Medication for anxiety can relieve anxious feelings, reduce the frequency and severity of panic attacks, and produce a sense of calm where there was agitation.
Millions of Americans use these medications on a daily basis to deal with general anxiety, panic attacks, various phobias, PTSD, obsessive-compulsive disorder, and more.
If you believe anxiety is interfering with your day-to-day life, consult your doctor or mental health professional to find out if anxiety medication is right for you.
Below is our list of the best medications for anxiety updated for 2023.
Prozac (fluoxetine) has been overtaken sales-wise by some other anxiety medications in recent years. Yet that does not diminish the high marks it still earns for its effectiveness in treating panic attacks, OCD, and more.
What we like: Prozac has a proven track record for treating anxiety disorders. It has helped millions purge unwanted thoughts, reduce fear, and mitigate the urges behind compulsive behavior.
Flaws: Prozac should not be used by those with a history of bipolar disorder or those with liver problems or diabetes.
Zoloft (sertraline) is used by countless individuals to treat their OCD, panic attacks, PTSD, social anxiety, and more. It does a generally reliable job relieving anxiety, reducing the number and severity of panic attacks, and fending off OCD episodes.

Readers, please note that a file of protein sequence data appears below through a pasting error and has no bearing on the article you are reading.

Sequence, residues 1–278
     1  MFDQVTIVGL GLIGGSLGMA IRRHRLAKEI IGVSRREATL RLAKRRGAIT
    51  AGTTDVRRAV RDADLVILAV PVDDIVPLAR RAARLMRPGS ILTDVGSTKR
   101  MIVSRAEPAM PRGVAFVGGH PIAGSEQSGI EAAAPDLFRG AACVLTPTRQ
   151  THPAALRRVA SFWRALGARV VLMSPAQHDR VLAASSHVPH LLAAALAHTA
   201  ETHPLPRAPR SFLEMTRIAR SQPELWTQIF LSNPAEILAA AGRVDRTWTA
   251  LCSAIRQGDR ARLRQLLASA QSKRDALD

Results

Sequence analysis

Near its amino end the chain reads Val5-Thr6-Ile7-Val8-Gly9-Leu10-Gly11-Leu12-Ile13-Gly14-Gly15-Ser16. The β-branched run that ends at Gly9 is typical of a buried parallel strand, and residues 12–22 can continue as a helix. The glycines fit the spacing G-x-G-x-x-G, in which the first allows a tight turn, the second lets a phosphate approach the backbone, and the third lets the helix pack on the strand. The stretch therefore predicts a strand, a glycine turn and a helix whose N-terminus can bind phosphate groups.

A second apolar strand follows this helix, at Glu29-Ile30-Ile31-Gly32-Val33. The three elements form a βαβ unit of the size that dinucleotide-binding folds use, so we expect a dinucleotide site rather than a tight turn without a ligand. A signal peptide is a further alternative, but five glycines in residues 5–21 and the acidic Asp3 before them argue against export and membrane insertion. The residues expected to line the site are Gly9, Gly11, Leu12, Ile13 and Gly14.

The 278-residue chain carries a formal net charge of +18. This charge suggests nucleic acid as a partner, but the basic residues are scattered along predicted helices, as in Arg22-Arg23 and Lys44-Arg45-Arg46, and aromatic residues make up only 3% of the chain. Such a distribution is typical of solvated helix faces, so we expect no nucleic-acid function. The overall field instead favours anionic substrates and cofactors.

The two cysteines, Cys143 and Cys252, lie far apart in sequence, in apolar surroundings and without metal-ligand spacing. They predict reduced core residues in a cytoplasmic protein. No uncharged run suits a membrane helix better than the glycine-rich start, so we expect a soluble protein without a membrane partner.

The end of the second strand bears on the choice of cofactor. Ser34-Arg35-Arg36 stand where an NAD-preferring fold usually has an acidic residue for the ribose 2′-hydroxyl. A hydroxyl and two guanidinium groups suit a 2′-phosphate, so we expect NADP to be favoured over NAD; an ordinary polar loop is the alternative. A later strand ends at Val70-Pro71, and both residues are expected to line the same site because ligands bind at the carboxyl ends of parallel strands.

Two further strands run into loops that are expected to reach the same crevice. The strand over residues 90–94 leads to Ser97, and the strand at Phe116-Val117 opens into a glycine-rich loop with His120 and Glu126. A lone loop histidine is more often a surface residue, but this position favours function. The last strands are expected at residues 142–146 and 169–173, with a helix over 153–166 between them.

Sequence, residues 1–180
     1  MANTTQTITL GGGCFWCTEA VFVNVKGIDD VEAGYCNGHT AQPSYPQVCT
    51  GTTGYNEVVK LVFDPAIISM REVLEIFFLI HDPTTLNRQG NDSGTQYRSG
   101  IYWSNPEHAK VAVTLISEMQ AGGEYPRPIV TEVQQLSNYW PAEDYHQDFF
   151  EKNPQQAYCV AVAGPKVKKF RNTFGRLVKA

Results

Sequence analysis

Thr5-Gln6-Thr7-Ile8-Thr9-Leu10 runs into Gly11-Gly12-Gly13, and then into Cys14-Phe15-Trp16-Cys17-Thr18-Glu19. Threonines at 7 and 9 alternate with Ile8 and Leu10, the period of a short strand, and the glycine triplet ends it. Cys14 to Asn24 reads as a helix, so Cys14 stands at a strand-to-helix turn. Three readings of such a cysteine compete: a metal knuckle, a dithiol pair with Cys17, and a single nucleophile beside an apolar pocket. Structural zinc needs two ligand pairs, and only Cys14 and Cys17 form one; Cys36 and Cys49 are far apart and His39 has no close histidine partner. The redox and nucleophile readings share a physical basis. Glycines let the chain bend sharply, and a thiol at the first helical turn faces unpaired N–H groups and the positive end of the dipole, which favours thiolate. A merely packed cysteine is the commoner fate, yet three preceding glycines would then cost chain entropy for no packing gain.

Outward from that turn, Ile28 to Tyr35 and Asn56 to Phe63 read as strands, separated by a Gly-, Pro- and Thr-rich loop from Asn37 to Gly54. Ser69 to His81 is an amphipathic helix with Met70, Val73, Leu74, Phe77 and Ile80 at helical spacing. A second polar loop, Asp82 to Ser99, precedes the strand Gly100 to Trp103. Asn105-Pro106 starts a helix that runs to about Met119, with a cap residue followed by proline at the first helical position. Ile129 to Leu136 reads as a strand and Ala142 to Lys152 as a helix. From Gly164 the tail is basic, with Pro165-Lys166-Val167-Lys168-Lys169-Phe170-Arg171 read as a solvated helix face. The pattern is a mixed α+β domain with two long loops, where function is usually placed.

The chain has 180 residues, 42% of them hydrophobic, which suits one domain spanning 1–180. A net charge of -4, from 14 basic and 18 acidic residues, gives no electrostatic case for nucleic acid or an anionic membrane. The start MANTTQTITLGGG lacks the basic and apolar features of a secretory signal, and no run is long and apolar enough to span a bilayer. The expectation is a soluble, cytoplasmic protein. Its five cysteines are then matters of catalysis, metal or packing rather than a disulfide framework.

What we like: Zoloft has a well-deserved record for addressing the worst aspects of general anxiety disorder and for preventing panic attacks. It is well tolerated by most people, with serious side effects being rare.
Flaws: While extremely rare, sertraline has been known to produce a heart rhythm anomaly called QT prolongation.
Xanax (alprazolam) is mostly used to treat general anxiety disorder and panic disorders. Although, on occasion, it might be deemed appropriate for other types of anxiety. Xanax is a benzodiazepine and is available in liquid or tablet form.
What we like: The fact that it is available in multiple forms is a plus. Xanax has a nearly 40-year record of providing effective relief for general anxiety disorder. In some cases, it may be used to treat patients with both anxiety and depression.